zaterdag 15 juli 2017

Robert A. Duff’s boek over Spinoza’s politieke en ethische filosofie [1]

Ergens [n.l. in het Voorwoord van Christopher Norris, Spinoza and the Origins of Modern Critical Theory] kwam ik een opmerking tegen over het Spinoza-boek van Robert A. Duff uit 1903, waarvan ik nog eerder had gehoord. Dan ga ik vervolges op zoek naar meer informatie over:

Robert A. Duff, Spinoza's Political and Ethical Philosophy. Glasgow: James Maclehose and Sons, The Macmillan Co., New. York, I903. pp. 516
Over de schrijver is behalve wat op het titelblad staat (Lecturer on Moral and Political Philosophy in the University of Glasgow) verder niets te vinden.*) Zijn boek blijkt gedigitaliseerd te staan op archive.org (ook nog hier op archive, maar incompleet).
Het boek is in facsimile herdrukt bij Augustus M. Kelley Publishers, New York, 1970. En dat is o.a. te vinden bij amazon.com waar ook de inhoudsopgave te zien is, die ik hier overneem (maar ook uit archive.org had kunnen overnemen):

CONTENTS.
CHARTER I. INTRODUCTION,
II. GENERAL PRINCIPLES, 12
III. MAN'S PLACE IN NATURE,   24
IV. NATURAL NECESSITY AND FREEDOM OF WILL,  36
V. UNITY AND DIFFERENCE,   47
VI. DIVINE DETERMINATION,   67
VII. THE 'CONATUS SESE CONSERVANDI' AND THE GOOD, 76
VIII. NATURE AND DEFECTS OF THE PASSIONS,  93
IX. PLACE AND FUNCTION OF REASON, 107
X. THE GOOD AS AN IDEAL HUMAN NATURE, 120
XI. THE GOOD AS THE PRINCIPLE OF SOCIALITY. 136
XII. THE ‘JUS NATURAE,'   146
XIII. THE ‘STATUS NATURALIS' AND THE NATURAL MAN, 155
XIV. GOD'S LAWS AND HUMAN LAWS,  164
XV. THE FUNDAMENTAL LAWS OF HUMAN NATURE, 192
XVI. THE PROBLEM OF EVIL,   208
XVII. THE 'LUMEN NATURALE’ OR THE IDEA OF GOD IN MAN, 231
XVIII. THE SOCIAL AND THE CIVIL CONDITION, 245
XIX. NECESSITY AND ORIGIN OF THE STATE, 265
XX. THE NATURE OF GOVERNMENT, 283
XXI. THE STATE AS ONE MIND,   309
XXII. THE NATURE AND FUNCTION OF LAW,  327
XXIII. VALUE OF A GOOD CONSTITUTION, - -362
XXIV. NATURE AND CONDITIONS OF A STATE'S SECURITY,  405
XXV. THE AUTONOMY Or THE STATE,   451
XXVI. FREEDOM OF THOUGHT, SPEECH, AND RELIGION,  471
XXVIl. STATE'S RELATION TO MORALITY AND RELIGION,  486
XXVIII. FORMS OF STATIC-MONARCHY, ARISTOCRACY, AND DEMOCRACY,   499
INDEX, 513




Uit die herdruk werden uitgebreide uittreksels van alle 28 hoofdstukken gebracht op Advayavada.org waarbij je je afvraagt wie daarvan kennis zouden willen nemen.

Interessant vind ik het zo’n boek te leren kennen via contemporaine besprekingen. Die laten je zien hoe verschillend er over zo’n boek werd gedacht. Ik neem er hier en in een volgend blog enige over. Er zijn heel kritische besprekers (zoals Pollock), maar ook die veel gunstiger over het boek oordelen. De kritische besprekers lijken gelijk te hebben gekregen, als je nagaat dat het twee jaar eerder verschenen boek van Joachim nog steeds geciteerd wordt en je van Robert A. Duff nooit meer iets hoort (behalve bij Christopher Norris dan), dan wordt duidelijk hoe ‘de geschiedenis’ over Duf’s boek heeft geoordeeld. Maar de receptiegeschiedenis van Spinoza is nog niet voorbij - er kan nog weer anders worden geoordeeld.
Hier een eerste bespreking - een positieve:


• James Wilford Garner, review of Spinoza's Political and Ethical Philosophy by Robert A. Duff. In: The Annals of the American Academy of Political and Social Science [ Sage Publications, Inc. in association with the American Academy ofPolitical and Social Science], Vol. 22, Southern Educational Problems (Sep., 1903), pp. 112-114  ] [cf]

Spinoza's Political and Ethical Philosophy. By ROBERT A. DUFF, M. A. Pp. 516. Price, $3.50. Glasgow: James Maclehose & Sons. New York: Macmillan & Co., 1903.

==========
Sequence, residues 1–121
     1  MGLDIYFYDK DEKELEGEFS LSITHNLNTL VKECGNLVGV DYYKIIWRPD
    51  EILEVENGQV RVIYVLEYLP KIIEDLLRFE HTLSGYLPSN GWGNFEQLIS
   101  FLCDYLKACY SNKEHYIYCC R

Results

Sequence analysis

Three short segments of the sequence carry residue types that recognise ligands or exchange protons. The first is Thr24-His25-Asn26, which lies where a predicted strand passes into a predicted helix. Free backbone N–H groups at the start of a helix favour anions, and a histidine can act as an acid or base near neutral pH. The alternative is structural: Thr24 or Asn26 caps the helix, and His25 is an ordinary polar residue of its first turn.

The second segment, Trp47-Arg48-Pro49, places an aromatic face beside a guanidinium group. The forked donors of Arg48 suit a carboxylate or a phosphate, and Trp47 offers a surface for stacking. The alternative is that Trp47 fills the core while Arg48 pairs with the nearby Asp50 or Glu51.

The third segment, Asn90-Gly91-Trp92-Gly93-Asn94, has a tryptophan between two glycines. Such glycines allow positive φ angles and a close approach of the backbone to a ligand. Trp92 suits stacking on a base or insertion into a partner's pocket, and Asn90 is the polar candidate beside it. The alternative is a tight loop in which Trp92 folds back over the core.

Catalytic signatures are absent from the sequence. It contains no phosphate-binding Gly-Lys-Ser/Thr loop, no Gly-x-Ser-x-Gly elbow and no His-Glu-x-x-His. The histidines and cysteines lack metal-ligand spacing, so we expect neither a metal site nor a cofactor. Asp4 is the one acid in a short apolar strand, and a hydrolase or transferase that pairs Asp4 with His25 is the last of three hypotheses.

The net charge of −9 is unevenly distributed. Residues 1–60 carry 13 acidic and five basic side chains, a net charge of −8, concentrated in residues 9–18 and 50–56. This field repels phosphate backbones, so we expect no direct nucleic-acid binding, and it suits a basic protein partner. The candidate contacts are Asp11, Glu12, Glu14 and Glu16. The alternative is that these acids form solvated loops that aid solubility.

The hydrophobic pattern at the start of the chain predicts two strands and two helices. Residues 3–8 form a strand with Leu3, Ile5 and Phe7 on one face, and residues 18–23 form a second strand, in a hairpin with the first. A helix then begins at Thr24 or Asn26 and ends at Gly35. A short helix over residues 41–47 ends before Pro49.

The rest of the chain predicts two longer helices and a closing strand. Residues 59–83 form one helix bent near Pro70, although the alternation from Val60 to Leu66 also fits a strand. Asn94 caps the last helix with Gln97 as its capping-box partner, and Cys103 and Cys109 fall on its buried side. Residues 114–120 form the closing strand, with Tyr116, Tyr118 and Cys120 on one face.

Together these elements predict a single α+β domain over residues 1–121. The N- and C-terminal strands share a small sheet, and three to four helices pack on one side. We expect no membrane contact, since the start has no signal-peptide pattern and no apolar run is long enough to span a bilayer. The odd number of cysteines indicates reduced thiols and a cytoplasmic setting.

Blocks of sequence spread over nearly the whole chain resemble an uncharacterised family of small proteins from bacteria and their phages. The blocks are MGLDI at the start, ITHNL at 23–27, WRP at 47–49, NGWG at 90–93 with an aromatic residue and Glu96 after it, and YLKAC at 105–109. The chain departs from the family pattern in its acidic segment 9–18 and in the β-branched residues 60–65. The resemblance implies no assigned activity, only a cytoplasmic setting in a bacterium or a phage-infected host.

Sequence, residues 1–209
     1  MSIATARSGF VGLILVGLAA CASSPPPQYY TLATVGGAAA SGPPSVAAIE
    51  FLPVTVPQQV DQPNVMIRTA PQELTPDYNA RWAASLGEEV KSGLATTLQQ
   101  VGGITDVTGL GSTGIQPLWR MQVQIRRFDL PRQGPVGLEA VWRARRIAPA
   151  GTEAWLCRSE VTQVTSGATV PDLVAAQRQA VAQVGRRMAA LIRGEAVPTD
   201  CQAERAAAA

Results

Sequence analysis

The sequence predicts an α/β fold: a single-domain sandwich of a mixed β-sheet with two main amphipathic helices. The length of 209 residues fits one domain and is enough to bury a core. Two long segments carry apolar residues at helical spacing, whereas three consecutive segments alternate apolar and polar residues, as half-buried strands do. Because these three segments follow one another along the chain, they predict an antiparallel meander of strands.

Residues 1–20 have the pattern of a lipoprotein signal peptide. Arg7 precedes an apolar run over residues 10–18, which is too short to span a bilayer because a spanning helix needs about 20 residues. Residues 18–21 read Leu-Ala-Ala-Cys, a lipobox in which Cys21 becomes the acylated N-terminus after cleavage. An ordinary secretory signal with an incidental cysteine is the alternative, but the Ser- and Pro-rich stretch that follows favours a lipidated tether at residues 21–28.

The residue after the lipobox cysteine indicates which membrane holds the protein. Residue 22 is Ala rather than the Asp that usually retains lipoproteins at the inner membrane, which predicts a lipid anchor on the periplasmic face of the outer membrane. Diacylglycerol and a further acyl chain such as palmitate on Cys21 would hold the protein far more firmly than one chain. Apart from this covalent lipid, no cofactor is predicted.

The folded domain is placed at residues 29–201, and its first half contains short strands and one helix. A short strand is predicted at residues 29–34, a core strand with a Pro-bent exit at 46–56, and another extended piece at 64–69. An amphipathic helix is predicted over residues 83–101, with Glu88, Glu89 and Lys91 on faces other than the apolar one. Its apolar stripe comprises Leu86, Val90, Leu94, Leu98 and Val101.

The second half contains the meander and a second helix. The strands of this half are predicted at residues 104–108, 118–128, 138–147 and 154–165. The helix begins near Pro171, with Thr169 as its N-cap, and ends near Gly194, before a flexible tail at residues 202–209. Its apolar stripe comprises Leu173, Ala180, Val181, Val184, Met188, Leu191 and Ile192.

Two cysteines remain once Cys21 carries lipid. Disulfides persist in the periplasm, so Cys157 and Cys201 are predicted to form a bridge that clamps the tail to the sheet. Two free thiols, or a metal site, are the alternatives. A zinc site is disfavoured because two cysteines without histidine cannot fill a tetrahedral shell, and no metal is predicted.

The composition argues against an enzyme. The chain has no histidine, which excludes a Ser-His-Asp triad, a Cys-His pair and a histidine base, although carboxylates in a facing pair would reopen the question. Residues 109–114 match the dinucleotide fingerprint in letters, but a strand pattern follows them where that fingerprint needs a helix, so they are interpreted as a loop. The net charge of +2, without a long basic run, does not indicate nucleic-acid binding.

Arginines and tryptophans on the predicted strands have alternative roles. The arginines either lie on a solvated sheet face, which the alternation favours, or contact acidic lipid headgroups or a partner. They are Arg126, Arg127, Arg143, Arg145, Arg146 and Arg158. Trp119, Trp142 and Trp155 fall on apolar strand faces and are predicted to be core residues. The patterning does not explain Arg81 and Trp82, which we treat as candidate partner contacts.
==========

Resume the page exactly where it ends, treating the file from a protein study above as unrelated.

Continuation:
This volume, the work of a Glasgow University professor, is by far the most systematic and scholarly exposition of Spinoza's philosophy that has yet appeared in English. Its chief merit as compared with the recent work of Sir Frederick Pollock is its greater comprehensiveness in scope, its finer elucidation of statement and its better correlation of ideas, although it falls short of the latter work in several minor particulars, notably as regards the treatment of the sources of Spinoza's philosophy. This important phase of the subject is dismissed by Professor Duff with a few paragraphs. Something like two- thirds of the volume is given up to an exposition of Spinoza's doctrines of law and politics as set forth in his two celebrated works, the "Tractatus Theologico- Politicus" and the "Tractatus Politicus," the former published in I670, the latter, an unfinished treatise, appearing shortly after the author's death in I677. The remaining one-third of the volume deals with Spinoza's ethical system. With regard to the sources of Spinoza's philosophy it may be noted that the author rejects in the main the view of Sir Frederick Pollock, T. H. Green and others, who have treated Spinoza largely as a disciple of Hobbes and who claim to have found the basis of much of his doctrine in the writings of the English philosopher. Duff points out that Spinoza never mentioned the name of Hobbes except in two passages, although he admits that Spinoza had a copy of the "De Cive" in his library. He thinks a deeper influence was exerted upon Spinoza by Machiavelli, who for some unaccountable reason seems to have held the Dutch philosopher under a magician's spell. There are frequent references of an important nature to the 'Prince" and the "Discourses," while the tone and temper, as well as many of the illustrations and phrases of the "Tractatus Politicus," may be traced to this source. Two other authors who, in the opinion of the editor, influenced Spinoza were Grotius and St. Augustine. Strangely enough there is no evidence that either Plato or Aristotle contributed anything to his system of philosophy, and he does not seem to have even had any direct knowledge of the greatest of all philosophers. Spinoza's doctrines of the "Jus Naturae" and the "Status Naturalis" are made the subjects of special chapters. With regard to the latter Spinoza accepted the view of Hobbes, that the state of nature was one of potential if not actual warfare among men. His conception of the nature and function of law is wholesome and rational. Law, he says, is not inconsistent with liberty; it does not restrain the freedom of the individual, but secures and enlarges his freedom, and its force is not that of him who commands but of the individuals who obey, because they judge that their good lies in the direction of obedience. Spinoza's doctrines of political science are treated under the captions, "origin and sphere of the state," the "nature of government," the "value of a good constitution," the "nature and conditions of state security," "state autonomy" and "forms of state." His theory of the origin of the state is not very different from that of Hobbes. He traces its beginning to a covenant of mutual concessions from individuals who are prompted by a desire to secure greater happiness, peace and security than the state of nature affords. The idea that the state is the result of necessity, but at the same time man's best friend, pervades his whole system. Its end is not dominion nor the restraining of men by fear, but to deliver each man from fear; that is, its end is libertas. Spinoza's philosophy with regard to the sphere of the state is in harmony with the principles of sound political science. The entire realm of social and family life, the world of business and of recreation, and in fact every phase of human activity, is within the control of the state. Even property is held subject to its power, and private owners are but trustees for the state. The idea that the supreme end for which the state exists is the foster- ing and development of human intelligence is one of the dominant principles of his politics. Unlike Hobbes he makes a distinction between state and gov- ernment. To him the terms are never synonymous except in absolute monarchies. His conception of the ideal state is that in which the power of the ruler is absolute; and the monarch who can say with truth L'etat c'est moi is the best of all rulers and has the happiest subjects, since only the best ruler can rule his subjects absolutely. The secret of the state's eternity, the happiness and freedom of its subjects and the surest security for the permanence of the royal power, is a good constitution planted deeply in the affections of the people. The obligation of obedience lasts only so long as the ruler maintains the conditions for the sake of which men form a state and elect rulers, but tyrannicide as a means of preventing tyranny is unjustifiable and insufficient. Applying to the state Hobbes' doctrine of the belligerency of the natural man, he says states are by nature enemies and are always in a state of potential or actual hostility.